Apollo Magazine

The great modern potter who made an art form of buttons

A comprehensive look at the career of Lucie Rie places the spotlight on her handcrafted buttons

A selection of glazed ceramic buttons (1944–45), Lucie Rie.

A selection of glazed ceramic buttons (1944–45), Lucie Rie. Photo: Phil Sayer

This summer, the Centre of Ceramic Art in York (CoCA) at York Art Gallery is staging what, by the modest standards of the pottery world, amounts to something of a blockbuster exhibition: ‘Lucie Rie: Ceramics & Buttons’. As the UK’s best-known potter, Rie (1902–95) is currently the focus of keen public interest. One of her small yellow bowls from the 1980s recently broke records by selling at Sotheby’s for over £125,000 – a sum previously unheard of for British studio pottery.

Porcelain bowl (1955–60), Lucie Rie. Photo: Phil Sayer

Although Rie’s elegant modernist tableware and vessels are celebrated, her ceramic buttons, which she made while strapped for cash after arriving in London as an Austrian Jewish émigré in the 1940s, are far less famous. So little acknowledged is this part of her life’s work that Rie’s first biographer, Tony Birks, felt able to state: ‘Lucie made pots, and nothing else’. Offering a rounded overview of Rie’s output, the CoCA presents a truer picture of her life and work. It covers promising beginnings as a modernist potter in 1930s Vienna; hard times in wartime London; Rie’s struggle against the taste for the Anglo-Japanese pottery of the doctrinaire Bernard Leach and his followers; her growing success from the mid ’50s onwards; her championing of the German refugee Hans Coper, and her influence as a teacher. The buttons form a foundational part of this story. They are tactile, charming things – miniature wearable sculptures, as captivating as finely carved jewels.

During the Second World War, many British button factories were requisitioned for the war effort. At the same time, the government exempted buttons from rationing, believing such fripperies to be ‘socially necessary’ for the morale of women. Rie was employed by – and later herself employed – other Austrian Jews to fill this gap in the market, making handmade buttons for stores including Harrods and Liberty. At its height, the ‘Button Factory’, as her studio became known, employed 18 émigrés (including the then unknown Coper) and was producing 6,000 buttons per month. Colour-matching buttons to fabrics for designers – at the CoCA, the buttons are displayed on fabric swatches and patterns – laid the ground for her later mastery of glaze and clay chemistry.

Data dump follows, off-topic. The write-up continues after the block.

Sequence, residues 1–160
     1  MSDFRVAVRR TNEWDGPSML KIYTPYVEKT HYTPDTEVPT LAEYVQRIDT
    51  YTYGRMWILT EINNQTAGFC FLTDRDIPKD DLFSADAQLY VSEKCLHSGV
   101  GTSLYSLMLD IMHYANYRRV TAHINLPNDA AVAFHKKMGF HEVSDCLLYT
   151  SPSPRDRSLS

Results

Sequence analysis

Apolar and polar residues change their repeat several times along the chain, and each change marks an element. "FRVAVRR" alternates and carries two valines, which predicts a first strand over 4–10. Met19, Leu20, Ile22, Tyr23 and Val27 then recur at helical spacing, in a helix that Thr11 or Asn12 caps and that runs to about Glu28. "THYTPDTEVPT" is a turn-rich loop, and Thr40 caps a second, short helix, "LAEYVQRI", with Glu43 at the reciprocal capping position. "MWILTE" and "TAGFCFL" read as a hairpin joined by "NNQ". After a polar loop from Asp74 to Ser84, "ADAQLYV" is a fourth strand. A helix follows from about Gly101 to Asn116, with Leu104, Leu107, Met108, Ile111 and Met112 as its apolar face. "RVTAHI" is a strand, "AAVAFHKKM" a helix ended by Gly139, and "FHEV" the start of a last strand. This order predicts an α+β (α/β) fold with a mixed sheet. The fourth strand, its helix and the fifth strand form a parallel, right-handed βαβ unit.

Courtesy the Crafts Study Centre, University for the Creative Arts

The link between Rie’s work and fashion is long and rich. Her tiny frame was always clad in top-to-toe white (despite the clay); in 1989, the Japanese fashion designer Issey Miyake was inspired to make clothes for Rie. She responded by giving to Miyake a collection of ceramic buttons that had lain hidden away since the ’50s. These formed the basis for Miyake’s Autumn/Winter 1989 collection, which featured Rie’s buttons on oversized collars. Today, fashion designer Jonathan Anderson, a self-proclaimed ‘Rie obsessive’, collects her pots. Displayed near the buttons at the CoCA are sketch-like, unfinished dresses by designer Alison Walsh, inspired by Rie’s minimal fashion sense; their sole adornment a sculptural Rie button at the throat.

Elsewhere, we see the full range of familiar forms: carefully balanced tableware, slender-necked vases with flared rims, and conical bowls. Also featured is David Attenborough’s interview with Rie for BBC Omnibus in 1982, in which the veteran broadcaster appears as wide-eyed as a child, breathing ‘I barely dare speak’ as he watches her making on her potter’s wheel, decorating pieces and unloading a packed kiln. The latter activity gave rise to the unforgettable moment when the octogenarian potter, on her stomach as she attempted to reach a piece, asked Attenborough: ‘Could you hold my feet, please? I’m stuck’. After her death in 1995, Attenborough wrote in Ceramic Review that ‘[d]ignity could hardly have survived such an episode’. Nevertheless, the overriding impression of Rie given by the show is that of a dignified doyenne, determined in the face of life’s vagaries.

A group of eight twisted rope shaped buttons, some stoneware, some earthenware (1945–49), Lucie Rie. Photo: Phil Sayer

Why are these buttons – a moneymaking exercise, made largely on commission, and associated with the often-overlooked world of haberdashery – worthy of attention? Part of their interest derives from the vital stories they tell of survival and collaboration in a time of conflict. And without the urbane influence of the continental potters Rie and Coper, Britain would have spent longer stuck in a stylistic rut. But the buttons are also quite simply lovely objects. Why should a button be any less worthy than a teacup?

‘Lucie Rie: Ceramics & Buttons’ is at the Centre of Ceramic Art, York Art Gallery, until 12 May 2019.